Yesterday I mentioned Christianity’s territorial participation in the Culture Wars that developed in the 20th century. Whether you think I was too partisan or pessimistic in my assessment of the situation, what you can not get around is that there is a problem.

We have a problem. 

More specifically, we have a problem with how we frame the cultural conflicts. When we use the militaristic language of “combat” we miss what may be really going on. As I said earlier this week, our language about combat not only  influences how we interpret our experiences, it is actually creating those experiences at some level.

I’m going to say this again: while I do not like drawing lines and attempt to be generously orthodox, it seems to me that there is a kind of christianity that the world is fine to let us hold and actually finds quite intriguing.  Dr. Perkins has that kind of faith. He even gets to use Jesus’ name without folks getting offended or upset.


There is however another type of Christianity that is not as well received. This other kind of Christianity, in many ways, is seen to make the world a worse place. I think that I know at least part of why that is the case.

Modern Enlightenment Christianity – an inheritance from Christendom and the Inquisitions – seeks to categorize, compartmentalize, then control the categories. It is forceful, muscular Christianity. Much more like the Romans in power than the type of power we see Jesus utilizing.

Think that I am over stating it? Look at Dr. Perkins. What if it came out that he did not have perfect theology? What if he held some views about social issues that did not meet the litmus test contemporary clashes? Would he be discounted? Marginalized? Attacked and discredited? I don’t think that there is any doubt.

Part of this comes from our categorization of ortho-doxy and ortho-praxy. We live in a climate when the former (right-belief) is far more scrutinized than the latter (right-action). Ortho explanation

The seminary that Tony and I went to tries to correct this by adding another overlapping area called ortho-pathy (right feeling). This is a spiritual formation-discipleship emphasis.

That is a move in the right direction. What I fear is that we have become so ingrained with this rabid obsession with our form of orthodoxy that we not only neglect the other two but would discount someone like Dr. Perkins who’s life speaks so loudly about Jesus that his words do not have to.

Our contemporary spiritual climate is so inflamed with animosity, conscientiousness, adversarial approaches, combative critiques, and dismissive polemics that we become gun-shy about adopting the kind of faith that makes the world a better place and shines a welcome light in dark situations.

If you think that this world is full of spiritual poo and it is only a matter of time before Jesus steps back in with vengeance and flushes this world down the eternal drain … then any good we do now is no more than rearranging deck chairs on the Titanic.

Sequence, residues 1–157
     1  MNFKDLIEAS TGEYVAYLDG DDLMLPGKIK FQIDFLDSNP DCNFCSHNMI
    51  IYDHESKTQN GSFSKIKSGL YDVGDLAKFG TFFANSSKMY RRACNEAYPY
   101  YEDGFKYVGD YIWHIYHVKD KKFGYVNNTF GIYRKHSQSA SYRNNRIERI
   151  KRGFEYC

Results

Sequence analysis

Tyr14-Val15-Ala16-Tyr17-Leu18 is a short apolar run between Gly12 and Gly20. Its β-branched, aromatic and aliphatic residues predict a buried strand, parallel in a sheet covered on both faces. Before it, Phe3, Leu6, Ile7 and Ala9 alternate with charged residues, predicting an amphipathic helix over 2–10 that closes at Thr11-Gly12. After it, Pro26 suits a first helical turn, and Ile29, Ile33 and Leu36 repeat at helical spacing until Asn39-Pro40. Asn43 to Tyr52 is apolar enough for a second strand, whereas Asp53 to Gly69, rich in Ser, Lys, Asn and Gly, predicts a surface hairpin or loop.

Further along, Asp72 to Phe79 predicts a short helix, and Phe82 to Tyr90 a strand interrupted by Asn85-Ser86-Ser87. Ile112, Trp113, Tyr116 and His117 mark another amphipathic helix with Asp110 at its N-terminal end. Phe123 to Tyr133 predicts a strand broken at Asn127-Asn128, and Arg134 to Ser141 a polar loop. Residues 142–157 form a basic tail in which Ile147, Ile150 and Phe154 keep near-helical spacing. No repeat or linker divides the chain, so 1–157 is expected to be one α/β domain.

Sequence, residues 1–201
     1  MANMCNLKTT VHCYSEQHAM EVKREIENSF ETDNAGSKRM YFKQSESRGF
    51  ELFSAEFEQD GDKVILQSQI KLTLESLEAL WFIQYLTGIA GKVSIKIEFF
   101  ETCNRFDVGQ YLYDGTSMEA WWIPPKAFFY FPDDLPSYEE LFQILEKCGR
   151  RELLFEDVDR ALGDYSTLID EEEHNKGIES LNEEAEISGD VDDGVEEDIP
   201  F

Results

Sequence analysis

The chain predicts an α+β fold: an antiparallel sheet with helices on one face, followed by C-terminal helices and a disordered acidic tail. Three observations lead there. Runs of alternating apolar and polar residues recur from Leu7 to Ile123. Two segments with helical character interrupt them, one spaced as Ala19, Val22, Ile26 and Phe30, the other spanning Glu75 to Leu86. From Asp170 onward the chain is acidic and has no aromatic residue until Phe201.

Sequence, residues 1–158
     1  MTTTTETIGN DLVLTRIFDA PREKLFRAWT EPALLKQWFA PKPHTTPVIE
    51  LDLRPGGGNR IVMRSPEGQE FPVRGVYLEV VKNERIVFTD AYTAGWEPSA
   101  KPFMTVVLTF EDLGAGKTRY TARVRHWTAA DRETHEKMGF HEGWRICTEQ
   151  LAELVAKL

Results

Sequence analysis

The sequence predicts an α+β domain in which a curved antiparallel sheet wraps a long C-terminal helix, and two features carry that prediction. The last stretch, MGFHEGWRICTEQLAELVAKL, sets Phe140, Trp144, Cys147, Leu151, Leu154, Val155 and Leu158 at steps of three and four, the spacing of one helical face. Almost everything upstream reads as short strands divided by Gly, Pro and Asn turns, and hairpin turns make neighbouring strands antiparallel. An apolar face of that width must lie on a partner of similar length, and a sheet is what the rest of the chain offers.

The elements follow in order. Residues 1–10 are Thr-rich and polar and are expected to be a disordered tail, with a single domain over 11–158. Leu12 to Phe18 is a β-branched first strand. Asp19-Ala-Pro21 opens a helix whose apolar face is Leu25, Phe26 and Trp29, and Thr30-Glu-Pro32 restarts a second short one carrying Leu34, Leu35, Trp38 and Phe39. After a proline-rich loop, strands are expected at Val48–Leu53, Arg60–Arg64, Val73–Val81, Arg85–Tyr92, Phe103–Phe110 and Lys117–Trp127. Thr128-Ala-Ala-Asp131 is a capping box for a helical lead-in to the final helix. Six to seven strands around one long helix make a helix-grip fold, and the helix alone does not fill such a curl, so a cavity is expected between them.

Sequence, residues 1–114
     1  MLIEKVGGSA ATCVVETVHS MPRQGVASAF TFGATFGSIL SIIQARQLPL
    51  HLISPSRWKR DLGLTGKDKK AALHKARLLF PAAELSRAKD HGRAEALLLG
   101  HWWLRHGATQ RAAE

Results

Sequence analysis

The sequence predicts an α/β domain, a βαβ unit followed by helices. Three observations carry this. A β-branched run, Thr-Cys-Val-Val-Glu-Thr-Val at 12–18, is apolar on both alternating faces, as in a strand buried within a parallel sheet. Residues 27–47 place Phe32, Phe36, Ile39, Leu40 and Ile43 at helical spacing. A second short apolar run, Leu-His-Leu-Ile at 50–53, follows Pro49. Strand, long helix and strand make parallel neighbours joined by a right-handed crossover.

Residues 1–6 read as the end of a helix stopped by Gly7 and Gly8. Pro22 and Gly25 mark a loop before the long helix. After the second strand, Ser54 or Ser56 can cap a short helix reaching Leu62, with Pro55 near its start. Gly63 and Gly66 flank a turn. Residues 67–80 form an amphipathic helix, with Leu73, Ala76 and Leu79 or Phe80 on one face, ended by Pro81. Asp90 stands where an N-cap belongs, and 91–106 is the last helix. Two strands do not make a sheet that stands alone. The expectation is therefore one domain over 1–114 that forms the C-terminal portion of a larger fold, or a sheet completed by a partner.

In that case the only thing that really matters is right belief (orthodoxy) for which we will be judged …

Well, you know the rest. The us-them mentality becomes completely acceptable. The neglect of right-living (orthopraxy) and right-being (orthopathy) becomes justifiable.

I would simply say that Jesus’ story of the sheep and the goats seems to put far more concern on being judged by our right actions than any theological litmus test. So not only does God seemed more concerned about it, but the world what God loves seems more attracted by it. 

I loved this story about John Perkins’ visit to the college. I am inspired at one level and completely discouraged at another.

Is it just me?
Am I overstating the scope of the problem? 



That Sentence about Seminaries

Once in a while you run into a sentence that hits you like a ton of bricks.  You can read thousands of sentences in order to get to it.

Only rarely do you see it coming. Once in a while you are in a chapter that is so rich and nourishing that the sentence is just the Pièce de résistance.

Over the past 21 years, I have 5 sentences that have hit me like this. I can tell you exactly where I was when I first read them and why they hit me so hard. I say 21 years ago because that is essentially when I started reading. I was captain of the football and basketball teams in High School and didn’t so much … how do they say? … read.

It was after High School when I was no longer at my parents house – and I couldn’t make sense of my faith – that I picked up a copy of Josh McDowell’s apologetic classic: Evidence that Demands a Verdict.  On that first page was sentence that stabbed my in the heart. That was the first of the 5 sentences.


Yesterday in the spirited exchange of comments on my blog post “You have to believe in Hell, Predestination, Election and the Book of Revelation”  Nate Gilmore (you can hear his Georgia via Iowa drawl on last week’s TNT) was responding to a little bit of a fun rabbit trail we had going about seminaries and said:

 At least in online encounters, I’ve seen far more appeals to authority, citing “Biblical scholarship” as if it were a monolith, from liberals than from right-wingers.  In my own experience, the conservatives are much more interested in seeing the argument worked out than in “experts say that…” claims.